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Bob Dylan and Joan Baez, What Came to Be?

Bob Dylan and Joan Baez, What Came to Be?

Legendary singer-songwriters, Bob Dylan and Joan Baez, were both devoted to their music and the political values they shared. 

When they met early in their careers, there was an instant spark. The two shared musical ideas and a romance, but why did it fall apart?

Let’s take a look!

What Was the Relationship Between Bob Dylan and Joan Baez?

Dylan and Baez met in New York in 1961. Baez was already famous then, and she helped Dylan by letting him share her stage and sing with her. 

In a recent documentary by Martin Scorsese, Rollicking Thunder Revue: A Bob Dylan Story by Martin Scorsese, the legendary singer talks about his impressions of Baez, referring to her as Joany. 

He describes her “heart-stopping soprano” and how he tried to play guitar the way she did. He says she’s courageous and seems like she’s just come down from a meteor. (We’re not sure exactly what that means, but it sounds like a compliment.)

Baez says she never met anyone before or since with charisma like Dylan’s. 

With great respect for each other’s talent and shared excitement for the future, they began dating and touring together. Both musicians were passionate about protest songs, and they worked to make change through their music. 

Baez and Dylan sang about the corruption and greed of the ruling class and about overthrowing the rich. Their music condemned the justice system, the Cold War, and race-related violence. 

The End of a Super-Couple

As their fame grew, Dylan’s star shone faster and brighter than Baez’s. And he had the ego to match. 

The more shows Dylan played, the less time he had for Baez. This situation came to a head during a European tour in 1965. She had been performing with him, but he abruptly said he didn’t want her onstage with him. 

They broke up their romantic relationship but still played together off and on. 

In 2009, Dylan finally apologized to Baez for the way things ended in 1965. He said he was caught up in his career and lost sight of her. Dylan also added that he wanted to protect her from the madness of his world at the time.

Baez says she was crazy about him but admits she may have pushed too hard for him to be more politically active. She also remembers feeling like an outsider because she didn’t do drugs. 

As things stand now, Dylan is openly apologetic about his behavior in the ’60s and still praises Baez’s voice. While Baez can still appreciate the time and music they had together, she also says she doesn’t care if she ever sees him again. 

Bob Dylan’s Greatest Hits

Rolling Stone says Like a Rolling Stone is Dylan’s top hit. We suspect some bias in that statement, but they’re right. There are even entire books about the piece.

The song depicted the present-day struggles with biting humor, but it also paved the way for the future. Musically and lyrically, Like a Rolling Stone influenced punk and other genres. 

Radio DJs were hesitant to play the hit because it was six minutes long, yet it quickly shot to #2 on the charts. 

Visions of Johanna is considered one of Dylan’s very best, and a UK Poet Laureate proclaimed its lyrics are the best written. And it’s almost certainly about Joan Baez. 

Dylan has yet to confirm that, but the imagery fits. He seems unusually ambiguous about the woman at the center.

In the song, he references Madonna and Mary. One of Baez’s nicknames is the Barefoot Madonna. Dylan sings about being obsessed with visions of Johanna, but Johanna is so close to Joan that it almost certainly refers to Baez.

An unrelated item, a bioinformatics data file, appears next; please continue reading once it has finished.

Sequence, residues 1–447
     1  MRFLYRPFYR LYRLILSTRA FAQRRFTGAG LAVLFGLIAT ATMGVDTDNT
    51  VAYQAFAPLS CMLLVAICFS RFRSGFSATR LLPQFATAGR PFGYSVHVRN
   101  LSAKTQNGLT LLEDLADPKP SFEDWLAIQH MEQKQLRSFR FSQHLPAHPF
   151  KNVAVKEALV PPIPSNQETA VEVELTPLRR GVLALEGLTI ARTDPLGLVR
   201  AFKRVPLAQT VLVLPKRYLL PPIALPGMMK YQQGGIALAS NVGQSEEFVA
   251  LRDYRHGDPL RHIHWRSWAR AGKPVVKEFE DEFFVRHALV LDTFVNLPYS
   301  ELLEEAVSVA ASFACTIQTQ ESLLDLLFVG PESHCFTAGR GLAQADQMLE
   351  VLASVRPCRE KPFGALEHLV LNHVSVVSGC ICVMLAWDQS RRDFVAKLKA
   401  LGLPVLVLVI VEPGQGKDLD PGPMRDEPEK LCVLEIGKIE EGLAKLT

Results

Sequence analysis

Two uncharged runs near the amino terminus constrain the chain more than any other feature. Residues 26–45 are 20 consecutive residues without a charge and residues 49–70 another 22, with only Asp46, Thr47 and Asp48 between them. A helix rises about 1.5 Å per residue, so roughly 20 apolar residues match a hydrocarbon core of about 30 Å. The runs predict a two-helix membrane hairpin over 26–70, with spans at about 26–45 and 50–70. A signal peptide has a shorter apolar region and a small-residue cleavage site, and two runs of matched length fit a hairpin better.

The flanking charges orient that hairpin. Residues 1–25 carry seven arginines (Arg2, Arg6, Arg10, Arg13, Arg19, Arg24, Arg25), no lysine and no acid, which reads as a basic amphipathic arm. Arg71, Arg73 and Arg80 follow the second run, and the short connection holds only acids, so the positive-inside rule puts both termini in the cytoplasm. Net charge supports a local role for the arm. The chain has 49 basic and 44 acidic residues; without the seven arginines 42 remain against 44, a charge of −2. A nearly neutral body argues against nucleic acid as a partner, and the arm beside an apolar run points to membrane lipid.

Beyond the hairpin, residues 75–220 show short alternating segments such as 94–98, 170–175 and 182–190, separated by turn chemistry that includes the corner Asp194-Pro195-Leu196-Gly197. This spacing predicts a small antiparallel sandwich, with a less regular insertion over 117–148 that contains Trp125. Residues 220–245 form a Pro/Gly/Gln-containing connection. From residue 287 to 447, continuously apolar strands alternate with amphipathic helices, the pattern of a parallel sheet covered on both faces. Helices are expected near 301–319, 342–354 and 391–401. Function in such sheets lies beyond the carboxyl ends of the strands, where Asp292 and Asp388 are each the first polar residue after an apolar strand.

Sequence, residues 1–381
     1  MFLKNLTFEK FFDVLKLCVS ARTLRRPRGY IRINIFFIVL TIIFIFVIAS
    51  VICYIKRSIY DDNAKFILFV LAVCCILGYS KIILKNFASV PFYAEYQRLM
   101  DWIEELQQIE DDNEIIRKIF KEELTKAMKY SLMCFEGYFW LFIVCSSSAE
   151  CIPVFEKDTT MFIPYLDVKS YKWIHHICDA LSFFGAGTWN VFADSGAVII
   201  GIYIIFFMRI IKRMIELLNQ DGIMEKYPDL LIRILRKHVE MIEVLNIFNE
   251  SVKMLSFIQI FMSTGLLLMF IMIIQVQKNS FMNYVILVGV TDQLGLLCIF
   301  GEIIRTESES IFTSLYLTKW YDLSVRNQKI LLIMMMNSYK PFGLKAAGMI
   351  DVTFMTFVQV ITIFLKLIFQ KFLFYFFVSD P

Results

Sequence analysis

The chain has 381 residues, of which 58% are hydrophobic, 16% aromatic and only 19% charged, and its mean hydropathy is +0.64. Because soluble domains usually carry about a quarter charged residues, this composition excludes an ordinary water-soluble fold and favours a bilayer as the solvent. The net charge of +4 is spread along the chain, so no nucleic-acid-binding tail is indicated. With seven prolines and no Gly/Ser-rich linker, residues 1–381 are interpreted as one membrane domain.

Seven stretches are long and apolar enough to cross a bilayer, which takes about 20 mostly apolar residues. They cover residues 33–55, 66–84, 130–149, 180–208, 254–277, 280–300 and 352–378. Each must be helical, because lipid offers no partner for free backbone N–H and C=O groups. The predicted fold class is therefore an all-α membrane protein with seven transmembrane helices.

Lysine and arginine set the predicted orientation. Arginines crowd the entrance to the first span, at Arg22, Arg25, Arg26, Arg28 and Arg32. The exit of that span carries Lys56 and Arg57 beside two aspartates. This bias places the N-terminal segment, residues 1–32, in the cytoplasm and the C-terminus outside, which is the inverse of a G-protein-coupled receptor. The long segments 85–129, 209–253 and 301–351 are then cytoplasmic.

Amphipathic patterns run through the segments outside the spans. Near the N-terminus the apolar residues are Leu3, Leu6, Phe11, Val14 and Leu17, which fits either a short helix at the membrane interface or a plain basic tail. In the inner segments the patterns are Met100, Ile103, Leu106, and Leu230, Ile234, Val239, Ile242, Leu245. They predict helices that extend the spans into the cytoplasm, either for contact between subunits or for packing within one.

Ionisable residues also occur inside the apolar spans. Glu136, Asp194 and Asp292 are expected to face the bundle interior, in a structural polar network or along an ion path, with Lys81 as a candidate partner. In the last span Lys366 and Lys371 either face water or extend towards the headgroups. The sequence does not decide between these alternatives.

Joan Baez’s Greatest Hits

Baez’s biggest hit was Diamonds and Rust, but we’ll get to that one. 

While she’s written some great songs, Baez is best known for reinterpreting the work of other artists. 

One example is her cover of The Night They Drove Old Dixie Down. Initially recorded by The Band, Baez’s version charted higher, mainly thanks to her powerful vocals. 

Baez is also known for her performance of Dylan’s Don’t Think Twice It’s Alright.

Her lilting voice carries the song. It’s easy to imagine Dylan and Baez singing it to each other, saying they accept that their romance is over. 

Is the Song, Diamonds and Rust, About Bob Dylan?

Oh yes. Baez admitted she wrote it after Dylan called from a pay phone to read her some new lyrics he’d written. The song’s melody is sprawling and layered, though her voice and lyrics feel very intimate. 

“You burst on the scene already a legend, the unwashed vagabond,” she sings. 

She revisits times with him in Washington Square Park. In the song, he tells her he’s not nostalgic, and she says she wishes she remembers him less clearly. The song finishes with her saying she’d already paid for anything he might be offering. 

It’s one of the most beautiful kiss-offs you’ll find in folk music. 

Can You Still See Bob Dylan and Joan Baez Live?

Certainly not together, though there’s always hope. It’s been decades since they performed together, and Baez now says she’s retired. However, you can still see Dylan live. He’s 80 now, but, being Dylan, he’s still out there on the road.

No Fairytale Ending for Dylan and Baez

The romance between Dylan and Baez captured people’s attention because it was between two phenomenal musicians who are also very politically active. 

There aren’t a lot of fairy tales in folk music, and listeners wanted this to be one. So, when their relationship ended, people speculated about what happened. And for over 50 years, we’ve all tried to find references to the other in each singer’s songs. 

While we wish Dylan and Baez the best and would never celebrate their heartbreak, it’s given us some good mythology and truly excellent songs.

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